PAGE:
For the past three and a half weeks, Patti and I have been traveling. We put the trip meter on 0 when we pulled out of the driveway and after conclusion of the trip, we noticed the same trip meter read 4646.2 miles. For this trip, I believe there was a memory for every mile. Let me tell you how this started.

Early in our marriage, Patti and I had the “vacation” talk. Together, we discussed and resolved answers to the following questions: How do you like to spend your time on vacation? Where do you like to go? Are you a “go-see-things-and-keep-going” person or a person who likes to go land somewhere and relax?

After our discussion we realized that the two families we came from had different answers to these questions. Patti and her family were pretty much go to the beach, crash, relax, refresh and return. And, since her dad was a teacher, sometime her vacations were two months or longer at the beach. My family was pretty much the opposite: Dad would have, at the most, two weeks off. We’d go see things and keep going. We’d get back home the Sunday before Dad would have to be back at work on Monday.

But, over the years of our marriage, Patti and I refined our answers to these same questions a bit more. Patti is a water/beach person; I’m a mountain person.

So, for this travel trip, Patti graciously agreed to do a mountain trip with me. Besides, we wanted to be in Missoula, Montana on the appropriate date to see our niece, Ciara, graduate from high school. We wanted to drive and not fly.

Along the way, we had Sirius/XM radio to keep us company and informed. We enjoyed the highway travel, and, I must admit, when I was driving, I spent very little time looking at the road because I was “goshing” and “geeing” about the high peaks, snow fields, vast plains, the endless beautiful vistas, the babbling brooks and creeks next to the roads. These creeks flow quickly toward the Mississippi on the east side of the continental divide and toward the Pacific on the west side of the divide.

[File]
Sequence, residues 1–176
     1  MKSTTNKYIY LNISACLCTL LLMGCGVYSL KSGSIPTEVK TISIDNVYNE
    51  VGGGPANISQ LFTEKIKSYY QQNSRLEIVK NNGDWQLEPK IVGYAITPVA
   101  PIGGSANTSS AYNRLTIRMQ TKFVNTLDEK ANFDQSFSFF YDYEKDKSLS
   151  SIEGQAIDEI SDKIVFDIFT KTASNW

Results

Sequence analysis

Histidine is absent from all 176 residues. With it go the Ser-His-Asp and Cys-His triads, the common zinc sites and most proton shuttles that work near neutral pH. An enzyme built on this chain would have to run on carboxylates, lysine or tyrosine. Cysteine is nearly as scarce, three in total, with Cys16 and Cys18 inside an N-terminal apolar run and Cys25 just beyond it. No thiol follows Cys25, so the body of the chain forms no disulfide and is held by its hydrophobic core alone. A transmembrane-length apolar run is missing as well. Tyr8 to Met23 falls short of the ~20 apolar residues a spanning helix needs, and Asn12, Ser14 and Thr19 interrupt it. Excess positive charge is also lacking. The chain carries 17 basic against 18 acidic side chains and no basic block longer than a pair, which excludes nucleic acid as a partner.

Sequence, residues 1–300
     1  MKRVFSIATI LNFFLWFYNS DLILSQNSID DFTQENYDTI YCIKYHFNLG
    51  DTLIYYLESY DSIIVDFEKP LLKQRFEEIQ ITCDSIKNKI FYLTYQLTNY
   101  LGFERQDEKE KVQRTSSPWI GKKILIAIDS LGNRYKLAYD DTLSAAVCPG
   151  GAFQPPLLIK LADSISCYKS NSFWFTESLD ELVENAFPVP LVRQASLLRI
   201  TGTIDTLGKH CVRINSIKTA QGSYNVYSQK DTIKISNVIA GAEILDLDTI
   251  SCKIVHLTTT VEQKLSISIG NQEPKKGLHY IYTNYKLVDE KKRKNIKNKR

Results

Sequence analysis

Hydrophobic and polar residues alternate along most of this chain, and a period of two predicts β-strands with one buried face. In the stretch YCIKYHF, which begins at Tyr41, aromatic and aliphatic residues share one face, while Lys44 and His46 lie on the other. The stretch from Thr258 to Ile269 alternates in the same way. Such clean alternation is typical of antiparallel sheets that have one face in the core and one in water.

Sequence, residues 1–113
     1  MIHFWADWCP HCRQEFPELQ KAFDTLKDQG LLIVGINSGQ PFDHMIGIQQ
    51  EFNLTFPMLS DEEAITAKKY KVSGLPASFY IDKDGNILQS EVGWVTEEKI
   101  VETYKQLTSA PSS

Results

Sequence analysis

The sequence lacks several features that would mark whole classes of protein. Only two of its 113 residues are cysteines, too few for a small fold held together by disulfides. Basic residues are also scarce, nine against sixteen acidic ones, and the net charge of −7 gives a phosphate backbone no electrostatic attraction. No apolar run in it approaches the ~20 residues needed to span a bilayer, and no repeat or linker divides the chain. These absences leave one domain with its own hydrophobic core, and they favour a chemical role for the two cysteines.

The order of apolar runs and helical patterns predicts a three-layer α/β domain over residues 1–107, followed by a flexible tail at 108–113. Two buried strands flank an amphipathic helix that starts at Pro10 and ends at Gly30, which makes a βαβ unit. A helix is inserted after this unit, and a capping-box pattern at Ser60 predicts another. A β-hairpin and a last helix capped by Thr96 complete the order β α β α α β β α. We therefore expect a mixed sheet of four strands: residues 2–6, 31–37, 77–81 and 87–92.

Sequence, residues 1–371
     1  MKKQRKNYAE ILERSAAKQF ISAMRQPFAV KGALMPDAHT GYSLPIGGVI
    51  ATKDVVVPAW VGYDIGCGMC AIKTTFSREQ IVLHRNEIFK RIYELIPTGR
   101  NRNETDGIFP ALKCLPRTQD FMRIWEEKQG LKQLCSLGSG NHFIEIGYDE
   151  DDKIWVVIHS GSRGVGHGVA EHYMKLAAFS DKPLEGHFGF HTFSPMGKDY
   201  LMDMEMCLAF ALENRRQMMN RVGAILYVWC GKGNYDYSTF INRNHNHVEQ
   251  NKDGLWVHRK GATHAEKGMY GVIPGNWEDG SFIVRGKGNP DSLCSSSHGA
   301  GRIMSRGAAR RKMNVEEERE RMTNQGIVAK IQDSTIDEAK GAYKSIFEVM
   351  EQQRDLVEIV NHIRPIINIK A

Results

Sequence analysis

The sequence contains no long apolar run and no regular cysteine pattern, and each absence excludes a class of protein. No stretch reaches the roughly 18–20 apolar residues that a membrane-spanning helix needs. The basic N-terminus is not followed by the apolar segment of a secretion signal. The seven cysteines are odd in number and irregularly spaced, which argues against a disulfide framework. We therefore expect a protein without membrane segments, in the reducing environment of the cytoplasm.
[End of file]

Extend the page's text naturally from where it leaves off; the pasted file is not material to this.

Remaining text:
We were tourists all the way. While we enjoyed seeing the massive wind farms in West Texas, the ominous presence of the long-dormant volcano, Capulin Mountain in northern New Mexico, was a reminder of what the land was like long before it was civilized.

We visited Pike’s Peak near Manitou Springs, Colorado; Rocky Mountain National Park in Estes Park, Colorado; the wide-open plains of Wyoming; Mt. Rushmore in South Dakota; Devil’s Tower in Wyoming; Little Big Horn River and Custer’s last stand in Montana; very, very windy plains in Idaho; Brigham Young’s beautiful and enticing Salt Lake City; the site of Butch Cassidy’s first bank robbery, Telluride, Colorado; the inspiring glacier and wind-sculpted Shiprock in New Mexico; the adobe pueblos of Santa Fe; the very, very small towns of eastern New Mexico and West Texas.

Devil’s Tower

That was quite a bit of driving, but we enjoyed every minute of it. While we drove, I kept thinking of Steinbeck’s Travels with Charley, and Heat-Moon’s Blue Highways. Passing through the canyon lands of Utah, I kept looking for John Wayne on horseback looking for Natalie Wood, dressed as an Indian squaw. We tried not to speed and just soak up the ambiance of the landscapes. As such, we had plenty of time to talk and laugh and be distracted by an endless supply of beautiful sights.

But since every day is a new opportunity for a learning experience, we did learn a few things along the way. Here are just a few:

  • The vastness of the mountain views, the endless rolling plains left Patti and me with a feeling that every step we took and every mile we drove, we were surrounded by God’s imagination
  • The damage a simple tree beetle can do to a forest is just astronomical and very disappointing
  • The higher up you go in the mountains the less obesity you see or notice
  • In talking with various people along the way, the longer people lived in the shadow of gorgeous mountains, the less they noticed them
  • Along the two-lane roads in Wyoming, just because a road sign says its 42 miles to the next town doesn’t mean there will be a gas station or cafe there
  • Even though Devil’s Tower is famous for the alien encounter scene in Steven Spielberg’s Close Encounters of the Third Kindit is also a religious site for numerous North American Indian tribes, and houses one of the largest groundhog communities in North America